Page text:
Enode Developers

Device data

After understanding the Enode user and device lifecycle, an important aspect of the API is reading data from connected devices and designing how that information will fit into your overall application.

Copy linkBasic data fetching

After connecting vendors, you can use the API to fetch the information about devices that the user has associated with those vendors.

All device types on Enode have the ability to be listed, for example via our List VehiclesAPI endpoint:


curl {API_URL}/vehicles \
-X GET \
-H "Authorization: Bearer {YOUR_ACCESS_TOKEN}"

Listing is a convenient way to discover device IDs that you can fetch individually via endpoints like Get VehicleAPI:


curl {API_URL}/vehicles/{vehicleId} \
-X GET \
-H "Authorization: Bearer {YOUR_ACCESS_TOKEN}" \

Copy linkKeeping data fresh

Data returned in the API reflects our latest understanding of the device, and Enode constantly keeps track of all connected devices and their latest information.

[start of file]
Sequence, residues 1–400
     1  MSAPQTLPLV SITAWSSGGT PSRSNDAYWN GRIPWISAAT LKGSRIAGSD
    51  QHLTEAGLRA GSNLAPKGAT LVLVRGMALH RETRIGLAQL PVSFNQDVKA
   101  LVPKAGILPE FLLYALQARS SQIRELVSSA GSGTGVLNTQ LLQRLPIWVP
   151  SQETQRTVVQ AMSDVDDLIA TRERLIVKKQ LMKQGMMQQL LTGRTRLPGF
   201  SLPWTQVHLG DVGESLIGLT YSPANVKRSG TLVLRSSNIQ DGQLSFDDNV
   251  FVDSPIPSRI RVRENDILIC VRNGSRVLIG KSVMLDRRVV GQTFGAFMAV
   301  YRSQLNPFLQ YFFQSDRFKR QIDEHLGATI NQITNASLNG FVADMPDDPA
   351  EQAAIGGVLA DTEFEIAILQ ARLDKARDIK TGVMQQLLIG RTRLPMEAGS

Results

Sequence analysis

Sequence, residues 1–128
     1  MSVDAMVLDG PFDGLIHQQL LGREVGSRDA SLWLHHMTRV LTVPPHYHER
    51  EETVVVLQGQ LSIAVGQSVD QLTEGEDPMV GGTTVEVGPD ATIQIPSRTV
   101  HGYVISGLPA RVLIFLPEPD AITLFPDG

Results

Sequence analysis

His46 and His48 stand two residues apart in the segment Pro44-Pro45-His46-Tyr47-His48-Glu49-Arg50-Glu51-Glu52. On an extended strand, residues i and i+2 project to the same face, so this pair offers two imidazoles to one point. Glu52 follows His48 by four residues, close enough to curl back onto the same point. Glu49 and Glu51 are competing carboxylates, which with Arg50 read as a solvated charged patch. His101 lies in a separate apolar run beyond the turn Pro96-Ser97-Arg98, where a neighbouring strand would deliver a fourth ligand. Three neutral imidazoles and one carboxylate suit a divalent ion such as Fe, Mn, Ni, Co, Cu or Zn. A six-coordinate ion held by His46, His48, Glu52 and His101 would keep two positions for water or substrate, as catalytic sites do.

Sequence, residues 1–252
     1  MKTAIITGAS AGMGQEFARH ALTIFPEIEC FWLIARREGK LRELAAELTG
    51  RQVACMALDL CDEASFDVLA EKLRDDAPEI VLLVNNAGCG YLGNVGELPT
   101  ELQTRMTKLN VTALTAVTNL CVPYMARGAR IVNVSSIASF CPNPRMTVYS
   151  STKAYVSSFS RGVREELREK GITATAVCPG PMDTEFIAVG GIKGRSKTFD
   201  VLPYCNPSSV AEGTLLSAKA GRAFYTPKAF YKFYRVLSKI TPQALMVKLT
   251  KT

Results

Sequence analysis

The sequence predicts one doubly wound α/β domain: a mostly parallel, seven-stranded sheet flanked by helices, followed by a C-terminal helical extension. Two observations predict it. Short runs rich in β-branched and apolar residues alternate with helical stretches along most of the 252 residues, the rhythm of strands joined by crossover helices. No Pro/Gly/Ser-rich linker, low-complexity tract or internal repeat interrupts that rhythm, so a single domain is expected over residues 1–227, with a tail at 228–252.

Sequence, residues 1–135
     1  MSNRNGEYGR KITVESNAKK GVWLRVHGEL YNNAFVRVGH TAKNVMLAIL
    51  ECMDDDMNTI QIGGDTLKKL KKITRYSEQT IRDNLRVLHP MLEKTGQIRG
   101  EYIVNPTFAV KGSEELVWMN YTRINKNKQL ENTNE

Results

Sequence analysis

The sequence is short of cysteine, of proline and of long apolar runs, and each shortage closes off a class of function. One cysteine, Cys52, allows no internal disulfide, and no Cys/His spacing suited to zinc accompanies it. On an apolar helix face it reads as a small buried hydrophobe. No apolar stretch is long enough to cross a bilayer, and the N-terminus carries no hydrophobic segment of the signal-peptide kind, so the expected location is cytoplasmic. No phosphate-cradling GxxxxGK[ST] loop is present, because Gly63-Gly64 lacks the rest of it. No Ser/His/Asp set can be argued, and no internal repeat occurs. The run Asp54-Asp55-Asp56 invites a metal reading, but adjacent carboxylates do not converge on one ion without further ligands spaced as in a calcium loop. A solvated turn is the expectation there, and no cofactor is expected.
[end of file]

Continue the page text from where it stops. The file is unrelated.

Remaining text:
Data freshness varies across vendors and devices, but Enode employs various data refresh techniques that ensure device data is as up-to-date as possible:

Data refresh type Description
Real-time eventsWe receive data change events (e.g., a vehicle was plugged in) directly from vendors as soon as they know a value has changed. Enode supports these event subscriptions for select fields from a growing number of vendors.
"Active" updatesWhen a device is actively consuming energy (e.g., a vehicle is charging or an HVAC is pumping heat), data updates will be more frequent. The actual update frequency varies by vendor and device type, but this is typically every 2 minutes (1 minute for HVACs).
Regular updatesIf we don't receive real-time events and a device isn't active, data will be updated on our regular update cycle. The actual update frequency varies by vendor and device type, but this is typically every 7 minutes (2 minutes for HVACs).

Across all device types, fields found in API device response objects describe different dimensions of data freshness: